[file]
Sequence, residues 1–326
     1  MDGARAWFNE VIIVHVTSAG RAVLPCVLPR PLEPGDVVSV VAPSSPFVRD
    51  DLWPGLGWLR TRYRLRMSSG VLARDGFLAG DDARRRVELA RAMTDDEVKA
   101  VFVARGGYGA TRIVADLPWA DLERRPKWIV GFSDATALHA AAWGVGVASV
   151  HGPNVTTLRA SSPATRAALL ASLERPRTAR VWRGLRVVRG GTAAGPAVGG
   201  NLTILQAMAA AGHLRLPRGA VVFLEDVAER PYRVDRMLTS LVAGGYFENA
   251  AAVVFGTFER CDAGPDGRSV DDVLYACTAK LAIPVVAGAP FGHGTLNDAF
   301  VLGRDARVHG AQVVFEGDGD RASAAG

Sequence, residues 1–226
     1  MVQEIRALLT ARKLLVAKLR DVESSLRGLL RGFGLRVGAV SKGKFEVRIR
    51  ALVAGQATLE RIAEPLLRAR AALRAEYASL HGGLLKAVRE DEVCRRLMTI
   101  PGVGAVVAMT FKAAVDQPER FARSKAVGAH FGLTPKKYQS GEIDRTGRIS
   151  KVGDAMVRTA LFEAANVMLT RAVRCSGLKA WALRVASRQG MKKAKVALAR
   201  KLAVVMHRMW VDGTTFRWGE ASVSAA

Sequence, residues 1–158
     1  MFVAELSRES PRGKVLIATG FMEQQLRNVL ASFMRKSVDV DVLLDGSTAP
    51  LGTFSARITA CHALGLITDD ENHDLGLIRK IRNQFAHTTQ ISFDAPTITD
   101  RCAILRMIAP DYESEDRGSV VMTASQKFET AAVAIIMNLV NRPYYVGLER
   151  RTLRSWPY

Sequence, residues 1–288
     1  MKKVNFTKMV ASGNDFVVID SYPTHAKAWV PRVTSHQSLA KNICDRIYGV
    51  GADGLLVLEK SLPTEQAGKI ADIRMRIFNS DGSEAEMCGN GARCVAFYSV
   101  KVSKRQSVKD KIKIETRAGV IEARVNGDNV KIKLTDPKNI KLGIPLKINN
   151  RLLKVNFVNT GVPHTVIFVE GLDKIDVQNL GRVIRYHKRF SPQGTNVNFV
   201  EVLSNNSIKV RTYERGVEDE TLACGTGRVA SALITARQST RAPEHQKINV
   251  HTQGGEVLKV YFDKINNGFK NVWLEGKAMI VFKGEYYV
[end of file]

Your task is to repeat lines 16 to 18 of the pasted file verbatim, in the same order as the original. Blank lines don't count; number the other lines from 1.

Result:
     1  MFVAELSRES PRGKVLIATG FMEQQLRNVL ASFMRKSVDV DVLLDGSTAP
    51  LGTFSARITA CHALGLITDD ENHDLGLIRK IRNQFAHTTQ ISFDAPTITD
   101  RCAILRMIAP DYESEDRGSV VMTASQKFET AAVAIIMNLV NRPYYVGLER